Tinnitus is the perception of sound without any actual sound. It is more commonly known as “ringing in the ears” or sometimes referred to as “head noise. Tinnitus is not limited to actual “ringing” in the ears, as it can also manifest in the form of buzzing, hissing, pulsing, screeching, the sound of crickets, or even music in some cases. The sound can be heard in either one ear or both ears.
Tinnitus affects 1 in 5 people but the severity varies per case. Since the most common cause of tinnitus is exposure to loud sounds, older adults aged 65 and above have a higher risk of developing tinnitus.
Tinnitus is fairly common; around 10% of people in the US have experienced tinnitus to some degree but in most cases, the sound goes away on its own after a few minutes. If, however, the sound persists, it is best to see an ENT or an audiologist so you can be tested for hearing loss. Your doctor may also test you for other conditions commonly associated with tinnitus.
It is worth noting that Tinnitus itself is not a disease, it is usually a symptom of an underlying condition.
Common Causes of Tinnitus
- Hearing Loss
Majority of hearing loss cases is preceded by Tinnitus. This is true for 90% of hearing loss cases, particularly hearing loss that is noise-induced.
- Exposure to loud noises
Constant exposure to loud noises or a one-time exposure to a very loud sound can cause tinnitus instantly. In some cases, it goes away but it can also become a permanent condition as a direct result of noise exposure.
- Ear Infection
- Foreign objects in the ear
- Ear wax build-up
- Fluid build-up in the ear
- Physical injury, particularly head injuries or trauma
- Diseases such as Meniere’s disease, Anemia, otosclerosis, and acoustic neuroma.
If you experience ringing in your ears or hearing any kind of sound that is not coming from an external source, you should observe its duration. If it goes away after a few hours, then you don’t necessarily need to seek medical help. However, if it does not go away on its own or if you notice other symptoms that come with it, it is best if you seek medical help as soon as possible.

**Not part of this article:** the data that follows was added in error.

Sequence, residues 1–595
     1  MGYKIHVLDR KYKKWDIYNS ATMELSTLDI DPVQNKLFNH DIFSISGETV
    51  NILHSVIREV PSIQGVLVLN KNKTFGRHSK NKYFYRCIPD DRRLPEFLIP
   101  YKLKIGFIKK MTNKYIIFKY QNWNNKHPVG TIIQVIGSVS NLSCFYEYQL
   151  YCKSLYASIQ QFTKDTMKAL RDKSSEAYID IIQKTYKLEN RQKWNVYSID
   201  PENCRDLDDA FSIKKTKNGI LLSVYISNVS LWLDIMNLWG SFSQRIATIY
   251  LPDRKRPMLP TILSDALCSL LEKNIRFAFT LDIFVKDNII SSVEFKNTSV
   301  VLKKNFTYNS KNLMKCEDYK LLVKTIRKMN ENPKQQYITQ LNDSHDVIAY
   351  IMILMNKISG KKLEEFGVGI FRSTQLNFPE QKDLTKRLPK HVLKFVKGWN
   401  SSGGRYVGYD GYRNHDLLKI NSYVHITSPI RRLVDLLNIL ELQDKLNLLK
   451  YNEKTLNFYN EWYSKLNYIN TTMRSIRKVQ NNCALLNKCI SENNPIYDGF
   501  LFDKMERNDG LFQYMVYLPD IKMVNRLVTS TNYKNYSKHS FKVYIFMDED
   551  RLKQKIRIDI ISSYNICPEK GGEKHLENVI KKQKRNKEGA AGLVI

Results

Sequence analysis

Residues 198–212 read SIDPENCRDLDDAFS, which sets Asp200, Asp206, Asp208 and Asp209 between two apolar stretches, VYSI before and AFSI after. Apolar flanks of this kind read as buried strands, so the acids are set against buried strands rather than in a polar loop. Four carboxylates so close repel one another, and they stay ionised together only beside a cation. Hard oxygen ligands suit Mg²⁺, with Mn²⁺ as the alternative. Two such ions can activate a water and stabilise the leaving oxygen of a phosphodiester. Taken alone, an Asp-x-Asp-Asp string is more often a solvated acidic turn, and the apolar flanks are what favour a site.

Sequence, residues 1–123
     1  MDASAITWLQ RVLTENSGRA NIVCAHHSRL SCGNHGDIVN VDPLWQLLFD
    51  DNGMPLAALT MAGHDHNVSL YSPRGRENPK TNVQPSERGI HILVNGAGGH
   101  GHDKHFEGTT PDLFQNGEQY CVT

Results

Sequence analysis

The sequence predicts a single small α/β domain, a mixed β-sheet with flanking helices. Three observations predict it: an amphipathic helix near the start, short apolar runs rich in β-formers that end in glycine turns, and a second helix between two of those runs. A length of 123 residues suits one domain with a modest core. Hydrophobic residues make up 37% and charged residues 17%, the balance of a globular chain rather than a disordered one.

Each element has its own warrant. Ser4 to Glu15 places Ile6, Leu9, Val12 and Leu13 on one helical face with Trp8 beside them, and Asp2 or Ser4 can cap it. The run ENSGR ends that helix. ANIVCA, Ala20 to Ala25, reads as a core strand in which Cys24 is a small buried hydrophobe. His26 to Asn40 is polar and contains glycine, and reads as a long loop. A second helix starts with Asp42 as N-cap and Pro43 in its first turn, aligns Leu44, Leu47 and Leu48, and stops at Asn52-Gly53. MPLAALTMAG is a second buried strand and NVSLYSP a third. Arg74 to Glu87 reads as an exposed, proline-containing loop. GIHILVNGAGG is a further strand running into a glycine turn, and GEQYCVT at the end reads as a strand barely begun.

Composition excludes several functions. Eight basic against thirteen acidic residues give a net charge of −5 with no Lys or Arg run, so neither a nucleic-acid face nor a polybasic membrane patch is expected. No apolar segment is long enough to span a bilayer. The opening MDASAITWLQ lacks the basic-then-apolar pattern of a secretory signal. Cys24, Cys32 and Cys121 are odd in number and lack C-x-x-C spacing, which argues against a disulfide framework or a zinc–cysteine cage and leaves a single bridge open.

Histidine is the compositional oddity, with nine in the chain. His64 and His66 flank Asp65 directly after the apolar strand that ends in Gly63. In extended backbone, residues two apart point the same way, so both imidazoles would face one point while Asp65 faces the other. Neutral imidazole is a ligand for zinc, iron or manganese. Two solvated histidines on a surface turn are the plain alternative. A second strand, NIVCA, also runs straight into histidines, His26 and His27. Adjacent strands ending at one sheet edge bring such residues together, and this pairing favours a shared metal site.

There is currently no treatment for Tinnitus but if the underlying cause is discovered, your doctor may recommend treating the cause, which may then improve your tinnitus or get rid of it completely.
If the underlying cause is not found or if there is no available treatment for the cause, your doctor will recommend ways to manage your condition.
The management plan will depend on the severity of your condition. Most people have mild tinnitus that may be slightly annoying but does not otherwise interfere with their day-to-day lives but for about 2% of Tinnitus sufferers, the sound can be so loud that it can be difficult to concentrate on anything else.
Doctors usually recommend counseling and in some cases, talk therapy to help the person cope with their condition and learn to live with it. There are also devices that can help with tinnitus management including wearable sound generators and tabletop sound generators, which are devices that produce soft, pleasant sounds to cover the tinnitus. These devices can play soft music or other soft sounds that the user is comfortable with.
Those who have severe tinnitus may benefit from a new management technique called acoustic neural stimulation. This technique involves sending broadband acoustic signals to the brain through the use of headphones. While acoustic neural stimulation does not get rid of tinnitus, it can help desensitize people from their tinnitus by stimulating changes in the brain.
Currently, there are no medications that have been proven to help control or ease the loudness of tinnitus but in some cases; doctors may recommend anti-anxiety medications and antidepressants to improve the general mood of the person suffering from tinnitus.
Those who suffer from tinnitus along with hearing loss are usually prescribed with hearing aids. In severe cases, cochlear implants are recommended.
While Tinnitus is not a harmful condition, it can be a debilitating one especially in severe cases. If you frequently experience tinnitus or if your tinnitus has persisted for quite some time, it is best to consult your doctor so that an appropriate management plan can be recommended and to detect any serious condition that may be causing your tinnitus.